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Recruiting: How mid-major schools can land high-major talent

As mid-major schools continue to win on the recruiting trail, players, coaches, and experts weigh in.

Kevin Jairaj-USA TODAY Sports

Alex Copeland dreamed of playing basketball at Stanford and the Cardinal offered him. He was intrigued by UCLA's storied program. The Bruins offered him. Other Pac-12 schools followed.

The 6-3 shooting guard from Los Angeles chose Yale.

Copeland is just one of dozens of recruits each season to eschew offers from Power 5 schools in favor of mid-majors. In fact, as the 2017 recruiting class takes shape, 12 of the top 50 recruiting classes come from non-major conference schools, according to 247Sports.

And while there are myriad reasons to go to the biggest name school — exposure, competition and past success to name a few — the reasons to go to the smaller school are just as diverse.

Often, however, it starts with opportunity.

"[Mid-majors] identify kids that were picked over by top tier schools because they had some kind of deficiency overriding their profile," NBC Sports basketball reporter Scott Phillips said.

Arkansas-Little Rock assistant Solomon Bozeman described recent NCAA Tournament star Josh Hagins as one of these players. Once labeled as too small, Hagins worked with Bozeman and the rest of the UALR staff for four seasons. The result was a 31-point effort in the Trojans' double-overtime upset win over Purdue in the First Round and a shot with the Sacramento Kings during the 2016 NBA Summer League.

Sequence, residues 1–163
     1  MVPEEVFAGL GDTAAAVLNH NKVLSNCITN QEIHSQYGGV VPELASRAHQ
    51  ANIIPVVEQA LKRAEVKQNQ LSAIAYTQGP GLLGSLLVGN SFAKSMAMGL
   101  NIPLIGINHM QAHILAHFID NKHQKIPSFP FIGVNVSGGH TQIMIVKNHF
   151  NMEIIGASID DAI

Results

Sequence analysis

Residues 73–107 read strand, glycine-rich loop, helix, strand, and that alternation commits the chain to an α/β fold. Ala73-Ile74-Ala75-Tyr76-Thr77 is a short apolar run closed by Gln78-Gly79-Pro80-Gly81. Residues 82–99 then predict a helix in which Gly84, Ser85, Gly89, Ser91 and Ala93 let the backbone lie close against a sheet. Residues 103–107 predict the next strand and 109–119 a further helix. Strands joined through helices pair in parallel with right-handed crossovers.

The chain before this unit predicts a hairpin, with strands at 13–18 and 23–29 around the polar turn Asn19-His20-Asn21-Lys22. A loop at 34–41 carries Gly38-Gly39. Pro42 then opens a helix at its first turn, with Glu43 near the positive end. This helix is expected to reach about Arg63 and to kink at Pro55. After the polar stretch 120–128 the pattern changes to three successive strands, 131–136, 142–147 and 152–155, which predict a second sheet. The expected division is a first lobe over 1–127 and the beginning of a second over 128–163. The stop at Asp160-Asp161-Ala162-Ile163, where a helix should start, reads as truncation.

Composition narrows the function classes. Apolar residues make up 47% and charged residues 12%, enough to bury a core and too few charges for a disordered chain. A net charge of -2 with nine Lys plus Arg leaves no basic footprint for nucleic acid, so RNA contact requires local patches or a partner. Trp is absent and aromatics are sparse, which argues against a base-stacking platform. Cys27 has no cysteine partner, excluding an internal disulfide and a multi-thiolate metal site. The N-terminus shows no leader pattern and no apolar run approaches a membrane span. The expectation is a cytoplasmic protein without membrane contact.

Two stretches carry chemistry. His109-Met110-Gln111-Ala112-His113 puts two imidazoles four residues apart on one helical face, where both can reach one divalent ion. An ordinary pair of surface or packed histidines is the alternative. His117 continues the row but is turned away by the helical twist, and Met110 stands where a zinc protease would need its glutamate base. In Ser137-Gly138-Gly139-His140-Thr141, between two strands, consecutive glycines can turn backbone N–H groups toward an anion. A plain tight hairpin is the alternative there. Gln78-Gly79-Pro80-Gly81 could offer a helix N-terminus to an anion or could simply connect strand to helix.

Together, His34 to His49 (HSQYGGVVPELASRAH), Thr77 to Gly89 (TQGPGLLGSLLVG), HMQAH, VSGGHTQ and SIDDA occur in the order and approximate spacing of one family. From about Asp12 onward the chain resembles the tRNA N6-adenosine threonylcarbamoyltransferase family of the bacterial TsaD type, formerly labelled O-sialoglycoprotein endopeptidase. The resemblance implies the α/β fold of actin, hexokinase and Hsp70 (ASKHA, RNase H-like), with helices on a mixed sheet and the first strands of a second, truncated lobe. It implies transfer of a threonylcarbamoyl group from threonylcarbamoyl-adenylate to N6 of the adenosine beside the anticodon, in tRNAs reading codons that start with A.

But it's not only about mid-major schools taking chances on players that the Power 5 is too picky to accept.

Take, for example, the Ivy League, which has become a popular destination for players with exceptional talent on the court and in the classroom.

"You could be a Yale and stun Baylor and almost beat Duke," Copeland said, speaking from experience.

The combination of a dark-horse mentality and preparation for a non-basketball future has succeeded in attracting players.

"[The Ivies] are getting better because they somehow got a group of guys several years ago to buy into their schools," Copeland said.

The Ivy basketball renaissance seems to have started with Harvard coach Tommy Amaker and current NBA point guard, Jeremy Lin.

Now, former Yale forward Brandon Sherrod sees the Ivy as "an up-and-coming league" that could have multiple teams in the 2017 NCAA Tournament.

Along with their power to create a vision for a team's future, coaches can sell their recruits on their specific place on a team.

Copeland chose Yale because he says he felt wanted. Although he received interest from the Pac-12, he never felt he would be a team's go-to guy. Mid-majors tend to recruit more directly, actively seeking the best recruits for their team, not the best recruits in general.

"They understand and identify what fits their program," Phillips said.

For each mid-major team to thrive, they must stick to their identity.

Phillips credits Stephen F. Austin for discovering defenders who can press and VCU for its streaky shooters. They both "find diamonds in the rough," he said.

And that's an important distinction to make. Although mid-major schools may find off-the-grid players, coaches say they aren't settling for below average recruits.